A new study by German environmental NGO NABU (BirdLife Germany) shows how current funding could be used more economically and ecologically. But this drastic change requires political will, warns Konstantin Kreiser.
Konstantin Kreiser is head of EU nature protection policy at NABU.
Sixty billion euros. That’s roughly how much of the EU’s annual budget is allocated to the Common Agricultural Policy (CAP). Almost 40% of the bloc’s coffers are spent on it.
In comparison, Erasmus + is run on €2 billion, LIFE (the EU’s only dedicated environmental funding instrument) has to make do with less than half a billion and HORIZON 2020 gets 7% of the EU budget, some €11 billion.
Agriculture’s special status dates back to the early days of the Union, when the priority was ensuring people were fed in post-war Europe. Beyond that, the justification for more and more subsidies have continued to be made.
As a result, farming income, consumer needs and the environment have been put in focus, either alternately or simultaneously. But after decades of work and rounds of reforms, it seems that none of these challenges have been satisfactorily resolved. Dissatisfaction reigns supreme with the CAP.
Many farming enterprises are in dire straits and much of food production is anything but sustainable. In these times of Brexit and euro crisis, finance ministers are rapidly losing patience with the CAP.
The latest data relating to agriculture’s role in species decline, groundwater pollution and climate change have added fuel to the argument that the sector should no longer be subsidised.
In times where austerity and pinching pennies is the name of the game the fact that 40% of the EU’s budget is being spent inefficiently, as well as burdening taxpayers of the future with huge costs is the opposite of responsible financial policy.
Sustainably operating farms deserve support from society, as they fulfil a number of important tasks. Without nature friendly land use, many species and habitats of EU importance are bound to disappear. But many farming enterprises that are important to conservation sites are facing significant economic hardship or have already quit because of it.
The willingness of farmers to implement conservation measures or to switch to organic farming is there, especially when food prices are so low, but the CAP does not provide the necessary tools to support this.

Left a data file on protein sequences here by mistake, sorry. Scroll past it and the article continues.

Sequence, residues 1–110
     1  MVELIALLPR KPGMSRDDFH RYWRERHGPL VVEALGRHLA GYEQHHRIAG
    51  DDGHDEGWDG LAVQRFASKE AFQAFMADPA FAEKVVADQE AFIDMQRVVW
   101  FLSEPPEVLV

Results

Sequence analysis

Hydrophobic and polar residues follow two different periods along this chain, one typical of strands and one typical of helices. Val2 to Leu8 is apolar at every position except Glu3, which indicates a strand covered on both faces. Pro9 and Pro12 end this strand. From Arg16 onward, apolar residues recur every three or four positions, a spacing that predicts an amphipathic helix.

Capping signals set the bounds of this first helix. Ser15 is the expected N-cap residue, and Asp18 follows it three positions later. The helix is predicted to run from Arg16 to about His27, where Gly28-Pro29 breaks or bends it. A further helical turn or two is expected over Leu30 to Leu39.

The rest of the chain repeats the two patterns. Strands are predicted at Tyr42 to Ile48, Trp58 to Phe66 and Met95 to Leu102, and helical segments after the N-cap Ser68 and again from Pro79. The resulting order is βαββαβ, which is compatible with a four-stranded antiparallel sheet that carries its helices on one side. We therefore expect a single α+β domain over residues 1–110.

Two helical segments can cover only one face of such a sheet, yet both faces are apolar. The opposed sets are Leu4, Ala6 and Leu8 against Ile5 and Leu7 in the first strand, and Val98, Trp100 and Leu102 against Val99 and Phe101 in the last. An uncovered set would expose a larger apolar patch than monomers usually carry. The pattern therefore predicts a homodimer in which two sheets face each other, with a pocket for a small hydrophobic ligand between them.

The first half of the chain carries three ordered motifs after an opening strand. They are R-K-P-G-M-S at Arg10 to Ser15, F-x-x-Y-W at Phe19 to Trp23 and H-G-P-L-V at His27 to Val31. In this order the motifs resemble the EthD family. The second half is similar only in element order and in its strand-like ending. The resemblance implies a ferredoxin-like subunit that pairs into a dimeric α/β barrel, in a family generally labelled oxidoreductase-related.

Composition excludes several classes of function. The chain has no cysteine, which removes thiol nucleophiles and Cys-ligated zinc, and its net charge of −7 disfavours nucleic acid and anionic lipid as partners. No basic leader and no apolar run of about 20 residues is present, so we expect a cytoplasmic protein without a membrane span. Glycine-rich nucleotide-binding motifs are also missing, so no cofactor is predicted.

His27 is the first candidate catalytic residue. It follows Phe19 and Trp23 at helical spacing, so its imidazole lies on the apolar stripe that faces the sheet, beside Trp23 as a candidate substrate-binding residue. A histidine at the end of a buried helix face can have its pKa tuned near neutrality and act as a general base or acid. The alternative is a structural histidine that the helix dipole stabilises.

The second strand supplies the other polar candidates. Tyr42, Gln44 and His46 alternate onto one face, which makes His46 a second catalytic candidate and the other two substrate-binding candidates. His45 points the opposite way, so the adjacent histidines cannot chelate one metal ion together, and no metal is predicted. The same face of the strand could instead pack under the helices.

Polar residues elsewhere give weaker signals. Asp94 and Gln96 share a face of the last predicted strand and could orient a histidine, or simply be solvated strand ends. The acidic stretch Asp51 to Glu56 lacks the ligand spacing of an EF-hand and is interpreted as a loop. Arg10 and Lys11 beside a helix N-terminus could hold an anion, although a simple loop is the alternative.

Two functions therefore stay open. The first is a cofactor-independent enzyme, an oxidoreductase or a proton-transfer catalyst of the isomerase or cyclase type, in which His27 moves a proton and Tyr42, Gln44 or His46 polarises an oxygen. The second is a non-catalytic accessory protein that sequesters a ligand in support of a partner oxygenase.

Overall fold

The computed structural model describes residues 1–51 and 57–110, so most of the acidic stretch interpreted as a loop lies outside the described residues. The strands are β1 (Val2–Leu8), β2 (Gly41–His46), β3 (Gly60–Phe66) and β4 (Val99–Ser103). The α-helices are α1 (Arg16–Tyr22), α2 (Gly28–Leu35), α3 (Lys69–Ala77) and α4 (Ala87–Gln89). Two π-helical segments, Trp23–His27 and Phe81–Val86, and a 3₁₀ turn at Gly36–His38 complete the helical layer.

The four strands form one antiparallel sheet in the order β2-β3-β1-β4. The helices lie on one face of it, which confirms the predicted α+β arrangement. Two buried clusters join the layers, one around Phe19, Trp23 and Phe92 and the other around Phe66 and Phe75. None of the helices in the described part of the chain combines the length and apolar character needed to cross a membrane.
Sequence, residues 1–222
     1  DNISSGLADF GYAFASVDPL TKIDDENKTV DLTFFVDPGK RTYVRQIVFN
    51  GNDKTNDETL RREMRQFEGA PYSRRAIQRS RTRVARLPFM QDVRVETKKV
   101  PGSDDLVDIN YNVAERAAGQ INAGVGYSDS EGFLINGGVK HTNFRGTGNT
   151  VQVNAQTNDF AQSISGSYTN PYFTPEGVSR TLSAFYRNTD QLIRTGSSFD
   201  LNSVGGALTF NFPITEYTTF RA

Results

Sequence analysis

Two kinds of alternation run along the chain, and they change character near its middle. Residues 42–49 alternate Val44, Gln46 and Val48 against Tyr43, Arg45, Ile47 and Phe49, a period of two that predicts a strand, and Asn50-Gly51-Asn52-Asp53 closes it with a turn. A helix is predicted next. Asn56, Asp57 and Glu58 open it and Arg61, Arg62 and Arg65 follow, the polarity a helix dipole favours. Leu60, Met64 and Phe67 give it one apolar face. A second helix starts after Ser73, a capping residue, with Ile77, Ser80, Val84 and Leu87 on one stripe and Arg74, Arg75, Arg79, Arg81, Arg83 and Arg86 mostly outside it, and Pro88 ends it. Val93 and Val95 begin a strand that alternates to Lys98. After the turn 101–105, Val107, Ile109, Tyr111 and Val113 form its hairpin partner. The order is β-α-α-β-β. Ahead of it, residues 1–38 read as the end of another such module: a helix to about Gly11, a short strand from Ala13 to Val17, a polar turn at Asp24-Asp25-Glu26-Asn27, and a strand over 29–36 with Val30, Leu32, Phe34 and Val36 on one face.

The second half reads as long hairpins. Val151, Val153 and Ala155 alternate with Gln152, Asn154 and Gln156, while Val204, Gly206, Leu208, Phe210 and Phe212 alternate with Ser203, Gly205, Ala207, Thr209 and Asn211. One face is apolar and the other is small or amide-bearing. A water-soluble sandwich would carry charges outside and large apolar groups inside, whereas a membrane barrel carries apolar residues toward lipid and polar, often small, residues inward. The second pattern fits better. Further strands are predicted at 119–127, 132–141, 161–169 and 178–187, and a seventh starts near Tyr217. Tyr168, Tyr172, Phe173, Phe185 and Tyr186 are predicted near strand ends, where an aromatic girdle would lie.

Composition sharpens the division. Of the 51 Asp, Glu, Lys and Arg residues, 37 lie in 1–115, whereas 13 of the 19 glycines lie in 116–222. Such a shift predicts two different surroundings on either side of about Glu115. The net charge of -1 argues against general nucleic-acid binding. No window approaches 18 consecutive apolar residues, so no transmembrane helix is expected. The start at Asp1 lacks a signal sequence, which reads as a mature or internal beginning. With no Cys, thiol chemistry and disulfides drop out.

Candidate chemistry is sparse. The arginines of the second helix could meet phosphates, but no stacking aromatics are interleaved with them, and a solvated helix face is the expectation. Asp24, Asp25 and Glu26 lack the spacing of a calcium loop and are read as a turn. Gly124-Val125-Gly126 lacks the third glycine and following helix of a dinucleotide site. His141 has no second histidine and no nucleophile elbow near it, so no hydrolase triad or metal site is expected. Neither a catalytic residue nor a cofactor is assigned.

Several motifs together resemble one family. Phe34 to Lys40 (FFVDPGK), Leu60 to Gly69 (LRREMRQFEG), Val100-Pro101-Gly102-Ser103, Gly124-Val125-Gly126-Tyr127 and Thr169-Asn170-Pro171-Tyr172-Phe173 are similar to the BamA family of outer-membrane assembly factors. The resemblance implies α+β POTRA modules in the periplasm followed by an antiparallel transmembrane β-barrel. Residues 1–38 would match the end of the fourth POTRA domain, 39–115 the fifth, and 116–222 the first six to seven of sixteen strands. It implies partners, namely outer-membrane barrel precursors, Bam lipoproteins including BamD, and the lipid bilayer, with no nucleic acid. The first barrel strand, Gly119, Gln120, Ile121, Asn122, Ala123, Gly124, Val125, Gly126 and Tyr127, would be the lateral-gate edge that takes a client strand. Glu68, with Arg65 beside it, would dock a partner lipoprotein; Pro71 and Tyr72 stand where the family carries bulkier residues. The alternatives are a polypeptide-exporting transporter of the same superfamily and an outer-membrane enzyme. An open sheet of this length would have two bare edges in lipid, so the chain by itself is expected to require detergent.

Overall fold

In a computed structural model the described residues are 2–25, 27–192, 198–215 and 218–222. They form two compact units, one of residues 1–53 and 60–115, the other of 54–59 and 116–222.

Instead, a large proportion of funding is earmarked for flat-rate area payments, often benefitting industrial companies that operate in favourable locations, better suited to the global market and not in real need of public support.
What’s at stake here is people’s acceptance of agriculture being funded and supported. A public image is developing of a sector controlled by powerful lobby groups, which have successfully defended its entitlement to funding at every round of reforms.
The European Commission’s attempt during the last reform to link subsidies to the environment was particularly evident. The proposed “greening” of flat-rate area payments was watered down in the negotiations between agriculture ministers and the European Parliament. As a result the CAP’s environmental balance is expected to be at least as problematic as before.
NABU has now released a report, using detailed figures, which shows that another form of agricultural policy is possible. The authors have come up with a model that replaces the current inefficient “sprinkler approach” with a sustainability premium and a set of attractive other targeted payments for the delivery of public goods.
Farmers can get the sustainability payment if they comply with certain criteria, such as a minimum amount of area that is ecologically high in value or respecting an upper limit on livestock numbers per area. On top, financially attractive incentives would be on offer e.g. to reward highly effective environmental measures such as conserving species rich grassland or grain fields.
Member states and their regions could also use EU money to develop and promote specific programmes adapted to the protection of most endangered species and habitats. Farmers who follow specific advisory schemes can get additional payments.
The study expects that under this new model, assuming the same CAP budget, three-quarters of German agricultural land would be managed under the sustainability payment conditions. At the same time farmers who participate in a certain amount of environmental payments would see their incomes increase compared to today.
This would also create important positive perspectives for businesses that are located in less profitable locations. Companies that only wish to comply with the minimum standards of environmental law are free to do so, but they will no longer be subsidised by the taxpayer.
Ultimately, this reform would link agricultural subsidies to the provision of public goods and services; the agricultural policy became more fair towards farmers and taxpayers.
In September, the German government, along with most other member states, agreed against running a Fitness Check of the CAP. Economic, environmental and social groups, as well as trade unions and other interest groups, however, all agreed that it should be carried out.
NABU’s new study shows that anyone who is serious about sustainable agriculture and the interests of current and future taxpayers has nothing to fear from real reform. However, anyone blocking a systematic evaluation of the efficiency and added-value of the current system is sending a fatal signal to EU citizens, at a time when faith in the EU is not exactly in rude health.